The United States, supplied with oil from Texas and Mexico, escaped any direct impact from the Resource Wars. However, the U.S. would soon have significant problems of its own. In 2052, the Texas oil fields ran dry, making the country severely vulnerable to energy shortages. In 2053, the New Plague began to ravage the U.S. population, causing an estimated 200,000 deaths and prompting the government to close the country's international borders. Nuclear fears gripped the country when, in the same year, Tel Aviv was destroyed by a terrorist nuclear weapon, and, in the following year, warring nations exchange nuclear weapon strikes in the Middle East. In response, the Americans began Project Safehouse: a series of underground Vaults designed to survive nuclear war or an epidemic.
In 2059, oil resources grew increasingly scarce. To secure the Alaskan oil fields, the United States ramped up its military presence in that state, creating the Anchorage Front Line. Relations with Canada grew increasingly strained as the Americans pressed to have their military units stationed on Canadian soil to protect the Alaskan pipeline.
In 2060, the Middle Eastern oil fields ran dry, not only ending the Resource Wars in Europe, but the European Commonwealth as well. Without a common enemy, the European nations fought among each other for the remaining resources. Fossil fuels became too expensive to use in automobiles and alternatives began to appear in the market. Advances in nuclear technology paved the way for nuclear fusion to replace traditional fossil fuel-based combustion engines in automobiles and other vehicles.
In 2066, the Resource Wars shifted to the other side of the globe. China, their oil reserves exhausted and their economy near collapse, invaded Alaska. America strong-armed Canada into allowing troops and planes to move across Canadian territory on their way to the Alaskan theater. Relations between the neighboring countries continued to worsen as the Americans help themselves to Canadian resources, ignoring Canadian protests. Many Americans began referring to Canada as "Little America," worsening relations.
In 2072, the Sino-American War raged on. While American power armor proved effective in localized conflicts, it fails to completely dislodge Chinese forces. The U.S. continued to demand more resources from Canada. When an attempt was made to sabotage the oil pipeline, the Americans (officially) began to annex Canada. In 2076, the annexation is complete. Also that year, Americans deployed the T-51b power armor to the Chinese mainland. The suits were highly effective and American troops cut a swath through Chinese territory.
In early 2077, the Americans reclaimed Alaska, but no armistice was signed. Those in positions to foresee the nuclear conflagration make final preparations: Robert House puts himself in stasis; the President and the Enclave retreat to the Poseidon oil rig. The American public, having been exposed to too many false alarms, largely ignored the warning sirens when the bombs begin to fall. Many Vaults are underpopulated as their doors shut.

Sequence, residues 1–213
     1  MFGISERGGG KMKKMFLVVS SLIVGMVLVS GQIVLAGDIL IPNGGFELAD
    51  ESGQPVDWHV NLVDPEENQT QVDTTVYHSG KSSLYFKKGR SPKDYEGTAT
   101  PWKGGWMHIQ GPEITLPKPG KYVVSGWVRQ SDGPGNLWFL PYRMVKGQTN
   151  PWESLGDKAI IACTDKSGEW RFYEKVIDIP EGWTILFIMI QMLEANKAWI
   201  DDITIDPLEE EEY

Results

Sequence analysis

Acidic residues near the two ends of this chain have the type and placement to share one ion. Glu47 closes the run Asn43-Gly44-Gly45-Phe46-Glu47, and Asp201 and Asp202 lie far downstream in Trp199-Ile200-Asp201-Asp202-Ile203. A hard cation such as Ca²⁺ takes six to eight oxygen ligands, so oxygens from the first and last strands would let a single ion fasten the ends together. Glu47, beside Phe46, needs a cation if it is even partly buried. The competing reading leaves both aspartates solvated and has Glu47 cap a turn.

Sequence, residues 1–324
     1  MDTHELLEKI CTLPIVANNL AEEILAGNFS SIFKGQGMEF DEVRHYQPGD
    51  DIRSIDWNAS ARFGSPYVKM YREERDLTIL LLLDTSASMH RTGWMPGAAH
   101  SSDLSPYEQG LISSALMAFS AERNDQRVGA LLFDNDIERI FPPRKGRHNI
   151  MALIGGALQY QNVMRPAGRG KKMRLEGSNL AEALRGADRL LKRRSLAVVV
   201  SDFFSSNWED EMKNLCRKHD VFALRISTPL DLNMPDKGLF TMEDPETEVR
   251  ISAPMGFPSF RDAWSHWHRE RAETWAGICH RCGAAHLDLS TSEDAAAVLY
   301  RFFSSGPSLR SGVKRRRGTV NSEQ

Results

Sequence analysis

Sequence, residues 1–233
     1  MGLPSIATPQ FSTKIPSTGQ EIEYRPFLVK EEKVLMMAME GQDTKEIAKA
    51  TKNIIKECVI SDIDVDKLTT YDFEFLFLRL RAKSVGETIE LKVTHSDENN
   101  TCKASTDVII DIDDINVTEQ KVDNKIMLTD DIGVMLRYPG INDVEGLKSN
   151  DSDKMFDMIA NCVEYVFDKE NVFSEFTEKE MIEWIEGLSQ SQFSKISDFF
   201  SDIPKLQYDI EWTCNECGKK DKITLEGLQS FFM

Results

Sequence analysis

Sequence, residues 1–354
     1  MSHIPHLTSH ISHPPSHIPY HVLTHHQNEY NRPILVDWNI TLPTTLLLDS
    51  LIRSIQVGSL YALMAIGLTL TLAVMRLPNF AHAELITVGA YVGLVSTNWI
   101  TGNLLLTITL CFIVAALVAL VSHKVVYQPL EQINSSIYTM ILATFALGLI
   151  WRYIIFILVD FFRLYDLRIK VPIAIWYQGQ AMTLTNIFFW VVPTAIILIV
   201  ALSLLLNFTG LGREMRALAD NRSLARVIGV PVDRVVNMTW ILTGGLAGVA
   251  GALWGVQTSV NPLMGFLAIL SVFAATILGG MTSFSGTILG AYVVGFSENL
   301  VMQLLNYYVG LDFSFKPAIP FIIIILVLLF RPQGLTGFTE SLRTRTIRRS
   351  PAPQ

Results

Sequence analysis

In the early hours of October 23, 2077, the world—as everyone knew it—ended. Missiles and bombs rained from the sky, engulfing the world in flames, in an event that would become known as the Great War. Cities and nations fell, while humanity descended into a nuclear Dark Age. Many believed it was the end of human civilization, but instead, it was simply the beginning of a new and bloody chapter.
The Post-War world
The collapse of global civilization made it impossible to ascertain the full extent of the damage brought by the nuclear bombs. As viewed from orbit, there were clear signs of a global catastrophe, and much of the world's oceans were tinted green by radiation. The Great War's enduring legacy was the radiation that spread in its wake. Many of the plants and animals that survived the nuclear fire were killed by the irradiated rain that fell a week later. Of those that survived, many were mutated by 2080.
The American mainland was reduced to wasteland. Most major American cities, with a few exceptions such as Las Vegas, were razed by the bombs. Even the surviving cities were reduced to hellish ruin as society rapidly disintegrated. Although the Vaults were never intended to preserve the entire American population, enough of their residents and technology survived for them to jumpstart civilization when they opened.
New California and Appalachia benefited the most from these early openings. In 2083, Vault 12 established Necropolis in Bakersfield. Eight years later, Vault 8 established Vault City in Western Nevada, and the following year, the LA Vault established the Boneyard in Los Angeles. In 2102, Vault 76 opened, while outsiders came to rebuild and reclaim the land. Decades later, in 2142, former residents of Vault 15 established Shady Sands northwest of Necropolis.
The Mojave Wasteland was another incubator of civilization. This was due in no small part to Robert House's preparations; his secret missile defense systems ensured that Las Vegas and the surrounding desert was hit by fewer bombs than anywhere else in the region, and as time passed, the city was rebuilt through the combined efforts of House, the local tribals, and residents of Vault 21. Its infrastructure was so far advanced that, by 2281, it was, according to Mr. House, within a century of being able to launch a colonization spaceship.
In the East, the Capital Wasteland was also left surprisingly intact. Although unable to compete with the more advanced societies of the West, it was nonetheless able to support a local radio station, caravan routes and a large-scale water purification plant.